Yes, we could have written this book to a wider audience, discussing the effects of the death of a parent on both sons and daughters, but we’ve chosen to focus on the unique relationship between father and son. James Dobson writes, In my opinion (and in the opinion of an increasing number of researchers), the father plays an essential role in a boy’s normal development as a man. The truth is, Dad is more important than Mom [in this regard]. Mothers make boys. Fathers make men.¹ In other words, we men find our identity in our fathers—through heredity and, certainly, through environment—for better or worse. When a man’s father dies, therefore, he loses a big piece of himself. No wonder the event can be traumatic!

This book is about those surprises and adjustments, not just about grief. It is written to help men and women better understand the deep relationship between father and son and to help men prepare for and adapt to their losses.

Each chapter focuses on a specific life experience, with personal stories of men from all walks of life and life experiences, and from a variety of races, nationalities, and locations. We wanted men to tell their stories. Men need to talk with each other, so we interviewed sixty of them. Our interviews covered the spectrum in terms of the age of both sons and fathers at the time of the death. And we spoke with men who had lived estranged from their fathers as well as those who had enjoyed close relationships. In addition to describing each need and adjustment, we have included personal insights and practical advice from our own experience, those we interviewed, and professional counselors.

We’ve identified the comments of the men we interviewed by their first name (and a last initial when more than one person we interviewed shared the same first name). Our personal experiences will be italicized, with the name of the person speaking (Bruce Barton or Dave Veerman) appearing afterward.

Each chapter will describe in detail an aspect of the experience and will give suggestions for growing through the experience and using it as a springboard into the rest of life. We have also included a set of questions at the end of each chapter to help you reflect on the main points of the chapter and to motivate you to take action, if necessary.

If you are one whose father has died, we hope that as a result of reading this book you will grow in your understanding of yourself and your relationship with your father, you will deepen your relationship with your children, you will be able to reach out to other men when they need it, you will help prepare your sons for when they must face your death, and you will see God at work though this difficult time in your life.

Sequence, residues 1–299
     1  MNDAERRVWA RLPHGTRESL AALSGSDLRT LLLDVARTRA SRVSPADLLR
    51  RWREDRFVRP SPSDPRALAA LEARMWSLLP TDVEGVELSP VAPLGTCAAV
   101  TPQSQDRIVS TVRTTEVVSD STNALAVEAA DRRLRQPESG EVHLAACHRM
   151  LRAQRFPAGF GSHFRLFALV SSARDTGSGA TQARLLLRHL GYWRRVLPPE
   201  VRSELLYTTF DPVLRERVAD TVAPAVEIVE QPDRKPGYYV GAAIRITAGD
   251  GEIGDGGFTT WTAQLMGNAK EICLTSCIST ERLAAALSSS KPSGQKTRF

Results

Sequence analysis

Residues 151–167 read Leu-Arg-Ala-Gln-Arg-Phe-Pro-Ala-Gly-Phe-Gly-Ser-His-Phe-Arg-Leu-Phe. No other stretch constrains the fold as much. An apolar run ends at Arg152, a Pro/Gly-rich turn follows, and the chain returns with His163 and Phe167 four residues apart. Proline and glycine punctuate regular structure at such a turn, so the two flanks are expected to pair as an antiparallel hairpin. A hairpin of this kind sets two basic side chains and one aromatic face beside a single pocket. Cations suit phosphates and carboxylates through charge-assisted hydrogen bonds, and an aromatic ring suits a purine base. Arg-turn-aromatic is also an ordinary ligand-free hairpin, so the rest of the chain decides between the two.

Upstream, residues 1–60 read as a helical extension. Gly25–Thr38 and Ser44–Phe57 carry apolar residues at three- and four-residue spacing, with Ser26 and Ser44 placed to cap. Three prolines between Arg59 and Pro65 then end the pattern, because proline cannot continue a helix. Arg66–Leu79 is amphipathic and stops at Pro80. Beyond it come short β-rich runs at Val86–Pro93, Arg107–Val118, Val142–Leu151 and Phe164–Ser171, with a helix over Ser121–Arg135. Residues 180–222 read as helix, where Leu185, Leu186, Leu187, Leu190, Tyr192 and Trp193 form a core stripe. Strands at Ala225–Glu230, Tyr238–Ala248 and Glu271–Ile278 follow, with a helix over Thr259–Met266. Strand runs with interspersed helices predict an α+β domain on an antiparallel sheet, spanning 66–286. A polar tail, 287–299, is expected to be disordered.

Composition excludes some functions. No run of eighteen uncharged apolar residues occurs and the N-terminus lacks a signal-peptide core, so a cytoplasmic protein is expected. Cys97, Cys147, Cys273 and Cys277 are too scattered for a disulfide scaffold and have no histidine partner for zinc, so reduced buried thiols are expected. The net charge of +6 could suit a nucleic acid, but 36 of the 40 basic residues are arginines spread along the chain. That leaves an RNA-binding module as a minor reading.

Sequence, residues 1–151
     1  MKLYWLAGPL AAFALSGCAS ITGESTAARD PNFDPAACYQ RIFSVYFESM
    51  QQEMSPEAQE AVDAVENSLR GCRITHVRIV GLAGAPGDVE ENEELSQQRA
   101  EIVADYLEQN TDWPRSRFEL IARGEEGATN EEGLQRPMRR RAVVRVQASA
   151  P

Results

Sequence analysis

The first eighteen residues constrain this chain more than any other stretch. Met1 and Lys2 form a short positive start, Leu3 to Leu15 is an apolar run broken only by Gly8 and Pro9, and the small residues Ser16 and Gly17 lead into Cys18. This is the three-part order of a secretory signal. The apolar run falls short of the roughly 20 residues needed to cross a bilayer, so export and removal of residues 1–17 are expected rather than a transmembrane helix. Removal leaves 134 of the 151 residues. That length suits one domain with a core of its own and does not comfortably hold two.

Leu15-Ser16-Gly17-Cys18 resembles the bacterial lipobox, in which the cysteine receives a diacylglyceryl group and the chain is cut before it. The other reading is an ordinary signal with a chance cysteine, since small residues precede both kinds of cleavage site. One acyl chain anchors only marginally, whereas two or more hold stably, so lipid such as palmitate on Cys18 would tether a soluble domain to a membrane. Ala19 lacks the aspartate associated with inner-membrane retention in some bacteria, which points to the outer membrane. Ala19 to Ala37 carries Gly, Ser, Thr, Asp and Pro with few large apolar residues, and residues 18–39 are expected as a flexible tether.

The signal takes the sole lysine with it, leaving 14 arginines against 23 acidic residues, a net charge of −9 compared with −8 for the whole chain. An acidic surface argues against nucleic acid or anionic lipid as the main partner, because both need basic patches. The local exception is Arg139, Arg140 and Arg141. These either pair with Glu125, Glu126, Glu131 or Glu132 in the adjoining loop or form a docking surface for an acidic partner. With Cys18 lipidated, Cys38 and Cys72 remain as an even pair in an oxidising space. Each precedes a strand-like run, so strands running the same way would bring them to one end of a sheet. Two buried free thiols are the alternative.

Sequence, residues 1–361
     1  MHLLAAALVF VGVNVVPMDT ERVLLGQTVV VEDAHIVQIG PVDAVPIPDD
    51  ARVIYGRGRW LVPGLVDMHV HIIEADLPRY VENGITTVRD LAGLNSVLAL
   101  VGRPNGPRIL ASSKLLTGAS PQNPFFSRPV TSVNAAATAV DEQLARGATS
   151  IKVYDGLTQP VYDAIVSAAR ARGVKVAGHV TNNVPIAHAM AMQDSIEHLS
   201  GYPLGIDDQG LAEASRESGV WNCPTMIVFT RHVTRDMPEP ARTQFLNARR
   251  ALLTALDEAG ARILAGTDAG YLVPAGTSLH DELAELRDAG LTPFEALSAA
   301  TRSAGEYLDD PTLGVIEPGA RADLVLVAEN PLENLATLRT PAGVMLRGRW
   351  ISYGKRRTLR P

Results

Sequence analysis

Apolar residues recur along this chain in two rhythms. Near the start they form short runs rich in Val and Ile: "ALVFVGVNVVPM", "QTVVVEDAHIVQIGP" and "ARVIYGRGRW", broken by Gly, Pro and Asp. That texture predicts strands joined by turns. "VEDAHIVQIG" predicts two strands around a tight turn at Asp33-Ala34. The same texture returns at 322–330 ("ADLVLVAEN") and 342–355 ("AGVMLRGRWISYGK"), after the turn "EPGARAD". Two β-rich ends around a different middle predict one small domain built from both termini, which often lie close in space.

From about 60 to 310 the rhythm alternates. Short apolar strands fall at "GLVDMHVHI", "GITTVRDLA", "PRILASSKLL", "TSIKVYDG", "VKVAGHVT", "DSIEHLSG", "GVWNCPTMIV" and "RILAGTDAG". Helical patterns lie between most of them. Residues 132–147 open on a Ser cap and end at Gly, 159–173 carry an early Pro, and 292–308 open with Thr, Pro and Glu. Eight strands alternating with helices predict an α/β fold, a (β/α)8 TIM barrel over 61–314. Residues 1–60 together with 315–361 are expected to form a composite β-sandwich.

If you are reading this because a man you care about has lost his father, we hope that you will gain a deeper appreciation for what he is experiencing and, thus, will know how to respond to him and his feelings.

If your father still lives, we encourage and challenge you to make the most of the living years. We pray that this book will help.




Acknowledging the Truth

What a great retreat it has been: colorful autumn leaves, clear skies, cool days, crisp nights—and an afternoon touch-football game with no serious injuries (but sure to leave several men limping from sore muscles). This year, the retreat committee decided not to have a speaker; instead, selected men shared their testimonies, stories of God’s grace in their lives.

Greg spoke this evening about examples and role models, using his late father as an example. Dad was my hero, Greg simply said.

An hour later, a group has casually assembled around a small campfire. At first the talk is typical of any group of men—commentary on sports, weather, and teenage sons. But someone comments on Greg’s talk, and someone else asks Tony how he’s doing since his father’s death a week and a half ago. Tony says, All right, I guess. He’s quiet for a minute and then quietly admits his initial shock and deep grief.

After an awkward silence, the avalanche begins when Brad says, I lost my dad three years ago, and it has been tougher than I ever thought it would be. We weren’t that close, but I just can’t seem to shake my feelings of sorrow, especially at certain times.

Joe jumps in. Me too. And I got so angry. I’m still trying to figure out what happened, what’s still happening, why I feel this way. I knew I’d be sad, but I thought I’d get over it and move on.

Of the ten men around the fire, seven, all those who had lost their dads, express similar thoughts and feelings. This is a big deal. They’ve touched a nerve.

Imagine sitting in the circle. How do you respond? What do you ask?

One year after my father died . . .

I was still angry, sad, horrified, and worried. It took a lot of talking, praying, and thinking for me to realize that I was most angry at my own mortality. If my father, whom I looked up to, had died, then certainly I would also die . . . and perhaps sooner than I surmised.

Dad died at age 77; I was 47. Suddenly, the thirty years of life I might have left seemed insufficient. I had many plans and much to experience. I was angry that death had taken my father away just as I was getting to know him as a man, and that death now was hounding my trail. I was furious that just as many aspects of my life were becoming more enjoyable and comfortable, I had to face the stark reality of my mortality.

A deep sadness lingered with me for a long time. I really missed my dad. My relationship with Dad hadn’t been warm and intimate, but I was filled with so many thoughts that I wanted to share with him. I was sad that his life had to end before we could get in that last fishing trip and before he could